Though we've done a lot of in-depth look at time lines, various lore elements, and the intricacies of character development, a lot of the recent emails I've been receiving have been of a much more basic nature. Why does anyone roleplay, and what do you do if you want to give roleplaying a try?
The first question is pretty simple to address. Did you ever play make-believe when you were a kid? Ever pretend you were a pirate, or a princess, or your favorite character from the Saturday morning cartoon show of your choice? That's roleplay.
With roleplay in video games, it gets a little more complicated than just "I wanna be a pirate!" Instead of playing with Tommy or Jessica from down the street, you're playing with a multitude of people from all over the world. Because of this, there are certain rules for roleplaying -- this is so that everyone is roughly on the same page and playing the same way. So when you're thinking of roleplay, think of it as a giant game of Let's Pretend that you experience with a wide, varied group of people. It's a creative exercise, a little bit story writing and a little bit improvisational acting.
If that sounds like your cup of tea, you might want to give it a try. And if you decide to make that leap, here are some things you should consider when you're getting started.
Having a reason for being around means that you have a reason to interact with other people. With roleplaying, it's all about interacting with other people; roleplaying by yourself has no real purpose. For example, your character might simply be in the world because he's looking for his lost dog. It's a really simple purpose, but it is a reason for being around. Not only does he have a reason for wandering Azeroth -- an eternal quest to find faithful old Fido -- but he's got a reason to talk to other people as well and ask them if they've happened to see his precious pooch in their travels.
Think of other roleplayers like quest NPCs. Just like a quest NPC, another roleplayer could have something potentially fascinating for you to do. Unlike a quest NPC, this other roleplaying character has a fully fleshed life that existed before you spoke to them and will continue after you finish speaking to them as well. Every person you roleplay with in WoW has stories and reasons for being around, and playing with those assorted stories can be just as fascinating as looking for Fido -- sometimes, even more so.
Beyond that, you have to keep in mind that it's not all about character interaction -- you're also interacting with real-life people. There's a distinct line between what you say as your character and what you would say to someone in real life. That's where the terms in character (IC) and out of character (OOC) come from. What someone says to you in character isn't meant to be taken out of character. So say you run into a cranky character in a bad mood who says something rude to your character. That's not the player being mad at you -- that's their character being upset and taking it out on your character.
The same applies with any emotion that is roleplayed. A person playing a sad character isn't really sad in real life. A person playing a character that is romantically interested in your character isn't romantically interested in you. Be mindful of that line between what your character says and feels with what you say and feel, and don't let the two cross.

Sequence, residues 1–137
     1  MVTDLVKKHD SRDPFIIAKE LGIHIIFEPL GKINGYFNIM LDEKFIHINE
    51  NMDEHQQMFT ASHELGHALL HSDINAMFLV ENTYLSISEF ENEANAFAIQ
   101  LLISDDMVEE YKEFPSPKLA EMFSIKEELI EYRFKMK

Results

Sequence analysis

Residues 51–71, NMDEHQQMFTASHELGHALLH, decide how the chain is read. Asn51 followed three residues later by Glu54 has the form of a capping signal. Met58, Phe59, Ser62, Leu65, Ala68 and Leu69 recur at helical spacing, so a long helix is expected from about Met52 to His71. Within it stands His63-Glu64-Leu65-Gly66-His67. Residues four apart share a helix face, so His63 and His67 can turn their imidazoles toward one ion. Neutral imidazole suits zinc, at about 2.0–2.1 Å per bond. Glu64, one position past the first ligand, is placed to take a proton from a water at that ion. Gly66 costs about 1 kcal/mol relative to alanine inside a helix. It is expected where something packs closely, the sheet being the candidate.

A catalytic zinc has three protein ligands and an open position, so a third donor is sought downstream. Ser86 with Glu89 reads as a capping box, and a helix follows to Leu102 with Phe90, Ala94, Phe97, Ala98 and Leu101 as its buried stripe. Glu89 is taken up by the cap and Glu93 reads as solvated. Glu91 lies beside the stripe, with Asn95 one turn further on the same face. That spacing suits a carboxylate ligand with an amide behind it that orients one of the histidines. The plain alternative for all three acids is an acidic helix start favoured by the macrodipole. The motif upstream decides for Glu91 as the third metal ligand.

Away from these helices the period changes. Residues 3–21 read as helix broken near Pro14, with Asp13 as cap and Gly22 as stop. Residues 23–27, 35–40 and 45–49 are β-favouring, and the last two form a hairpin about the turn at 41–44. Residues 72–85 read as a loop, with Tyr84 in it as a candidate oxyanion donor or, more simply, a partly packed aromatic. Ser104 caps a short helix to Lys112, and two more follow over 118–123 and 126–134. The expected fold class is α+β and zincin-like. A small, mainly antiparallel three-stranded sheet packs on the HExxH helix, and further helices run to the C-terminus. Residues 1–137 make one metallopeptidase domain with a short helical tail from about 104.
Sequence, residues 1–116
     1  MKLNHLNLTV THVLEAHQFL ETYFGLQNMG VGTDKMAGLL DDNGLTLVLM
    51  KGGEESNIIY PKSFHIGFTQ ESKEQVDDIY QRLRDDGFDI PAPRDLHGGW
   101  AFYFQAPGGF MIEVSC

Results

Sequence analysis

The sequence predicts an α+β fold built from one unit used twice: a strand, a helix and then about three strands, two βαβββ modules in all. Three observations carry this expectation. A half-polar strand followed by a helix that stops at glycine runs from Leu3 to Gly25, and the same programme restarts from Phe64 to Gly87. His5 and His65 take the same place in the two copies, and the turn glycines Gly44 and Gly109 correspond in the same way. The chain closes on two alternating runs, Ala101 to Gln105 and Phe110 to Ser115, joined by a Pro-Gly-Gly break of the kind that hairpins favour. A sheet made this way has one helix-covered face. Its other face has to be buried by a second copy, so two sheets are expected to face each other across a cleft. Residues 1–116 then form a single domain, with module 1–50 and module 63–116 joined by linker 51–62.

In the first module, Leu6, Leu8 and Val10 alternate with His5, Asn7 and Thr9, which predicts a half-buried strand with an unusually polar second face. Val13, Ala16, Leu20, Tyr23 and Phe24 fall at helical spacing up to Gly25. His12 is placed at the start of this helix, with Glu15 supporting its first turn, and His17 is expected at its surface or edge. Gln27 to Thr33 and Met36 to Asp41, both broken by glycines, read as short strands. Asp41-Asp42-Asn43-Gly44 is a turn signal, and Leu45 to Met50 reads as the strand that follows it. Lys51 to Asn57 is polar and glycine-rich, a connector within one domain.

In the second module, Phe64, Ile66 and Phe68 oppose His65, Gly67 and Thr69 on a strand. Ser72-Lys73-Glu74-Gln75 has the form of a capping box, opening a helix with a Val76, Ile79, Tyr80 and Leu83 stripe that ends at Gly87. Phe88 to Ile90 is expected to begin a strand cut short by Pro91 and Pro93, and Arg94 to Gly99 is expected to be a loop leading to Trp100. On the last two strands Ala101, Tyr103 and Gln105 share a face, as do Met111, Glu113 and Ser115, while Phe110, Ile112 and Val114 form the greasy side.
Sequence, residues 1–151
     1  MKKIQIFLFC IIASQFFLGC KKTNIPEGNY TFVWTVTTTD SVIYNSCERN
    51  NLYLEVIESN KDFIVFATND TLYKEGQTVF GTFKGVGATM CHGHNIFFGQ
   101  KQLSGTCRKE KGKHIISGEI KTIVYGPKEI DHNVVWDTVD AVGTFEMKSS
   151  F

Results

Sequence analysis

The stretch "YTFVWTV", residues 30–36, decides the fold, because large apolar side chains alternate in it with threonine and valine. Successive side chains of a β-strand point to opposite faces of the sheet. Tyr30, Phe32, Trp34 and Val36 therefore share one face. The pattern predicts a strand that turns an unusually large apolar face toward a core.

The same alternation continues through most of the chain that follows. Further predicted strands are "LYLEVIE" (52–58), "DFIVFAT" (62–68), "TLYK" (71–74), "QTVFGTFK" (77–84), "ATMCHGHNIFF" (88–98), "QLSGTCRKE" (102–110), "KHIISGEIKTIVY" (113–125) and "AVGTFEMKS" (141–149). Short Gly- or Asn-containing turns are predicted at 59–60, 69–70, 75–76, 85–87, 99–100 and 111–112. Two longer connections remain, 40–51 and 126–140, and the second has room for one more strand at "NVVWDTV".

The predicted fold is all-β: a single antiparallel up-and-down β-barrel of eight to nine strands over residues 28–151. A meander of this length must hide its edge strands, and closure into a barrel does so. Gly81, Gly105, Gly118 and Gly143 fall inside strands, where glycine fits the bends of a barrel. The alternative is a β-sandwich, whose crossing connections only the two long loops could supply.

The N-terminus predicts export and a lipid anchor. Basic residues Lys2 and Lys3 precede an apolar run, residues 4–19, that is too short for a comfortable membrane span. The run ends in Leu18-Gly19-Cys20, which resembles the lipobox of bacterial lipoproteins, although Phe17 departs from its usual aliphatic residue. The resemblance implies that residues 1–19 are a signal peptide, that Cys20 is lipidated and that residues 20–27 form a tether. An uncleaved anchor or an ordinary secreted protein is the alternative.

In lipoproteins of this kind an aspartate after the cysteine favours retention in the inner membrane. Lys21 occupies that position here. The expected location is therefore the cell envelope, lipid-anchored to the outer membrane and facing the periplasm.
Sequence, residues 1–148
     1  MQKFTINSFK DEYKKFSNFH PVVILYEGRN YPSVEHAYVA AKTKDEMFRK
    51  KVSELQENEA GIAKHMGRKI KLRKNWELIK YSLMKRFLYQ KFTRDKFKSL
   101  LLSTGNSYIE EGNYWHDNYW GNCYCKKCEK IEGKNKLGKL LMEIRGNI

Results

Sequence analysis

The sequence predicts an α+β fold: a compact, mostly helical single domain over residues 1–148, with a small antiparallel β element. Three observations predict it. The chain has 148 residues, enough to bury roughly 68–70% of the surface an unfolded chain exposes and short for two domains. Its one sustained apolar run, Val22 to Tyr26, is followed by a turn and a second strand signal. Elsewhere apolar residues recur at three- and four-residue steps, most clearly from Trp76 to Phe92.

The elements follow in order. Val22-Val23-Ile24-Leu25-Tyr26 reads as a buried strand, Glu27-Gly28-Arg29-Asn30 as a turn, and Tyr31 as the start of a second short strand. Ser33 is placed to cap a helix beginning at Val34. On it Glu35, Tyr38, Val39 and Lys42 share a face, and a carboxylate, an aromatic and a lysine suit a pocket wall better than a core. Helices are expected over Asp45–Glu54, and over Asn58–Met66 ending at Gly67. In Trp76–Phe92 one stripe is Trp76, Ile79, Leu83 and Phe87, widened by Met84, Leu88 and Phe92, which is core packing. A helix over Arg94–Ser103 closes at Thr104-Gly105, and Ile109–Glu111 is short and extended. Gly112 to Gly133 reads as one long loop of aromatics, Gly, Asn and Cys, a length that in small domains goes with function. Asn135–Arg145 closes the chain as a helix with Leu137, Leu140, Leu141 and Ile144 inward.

With roleplay, it doesn't matter what level your gear is or how much DPS you can dish out. It doesn't matter if you're the best healer in the world, and it doesn't matter if you can take hits from Deathwing without flinching. It's about your character, the story you have to tell, and the other stories going on all around you. It's not about the finish line -- it's about the long journey to get there and all the fascinating things that happen along the way.
All those people that you talk to? Find out what makes them tick, and see what they have to offer. All that exploring you're doing? Keep an eye out for new elements that could be added to your story. Some of the best stories and movies in the world start out as one simple concept and one simple character who, through the course of the journey, ends up on a completely different path than the one that was supposedly defined for them.
That buildup of multiple scenarios and events is what ultimately keeps roleplaying dynamic and fun. Having a crazy branch of multiple stories that all fall back into that quest to find Fido keeps everything fresh and interesting and keeps you interacting with other roleplayers. In the end, it's that group dynamic you're looking for, not Fido.
So if you want to play a sword-swinging barbarian that roams the world in search of treasure, that totally works within the universe. However, if you want to play a high-powered Wall Street executive, that does not. Wall Street doesn't exist in Warcraft; executives in power suits really don't exist, either. If you really want to play that kind of character, you're far better off finding a roleplaying world in which that character could feasibly exist. There's nothing stopping you from playing that character in WoW -- but chances are, nobody's really going to want to play with you.
Beyond the basics
These five basic things should give you a good handle on the basic tools of roleplay -- but there's plenty more than that, of course. Next week, we'll delve into some more basic tools and information for those of you who want to give roleplay a shot.
All the World's a Stage is your source for roleplaying ideas, innovations and ironies. Let us help you imagine what it's like to sacrifice spells for the story, totally immerse yourself in your roleplaying or even RP on a non-RP realm!
Filed under: All the World's a Stage (Roleplaying)